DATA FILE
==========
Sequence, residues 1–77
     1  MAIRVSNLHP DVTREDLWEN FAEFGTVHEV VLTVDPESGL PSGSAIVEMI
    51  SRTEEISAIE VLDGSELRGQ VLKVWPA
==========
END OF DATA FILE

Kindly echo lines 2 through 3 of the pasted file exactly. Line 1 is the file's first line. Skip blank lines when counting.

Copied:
     1  MAIRVSNLHP DVTREDLWEN FAEFGTVHEV VLTVDPESGL PSGSAIVEMI
    51  SRTEEISAIE VLDGSELRGQ VLKVWPA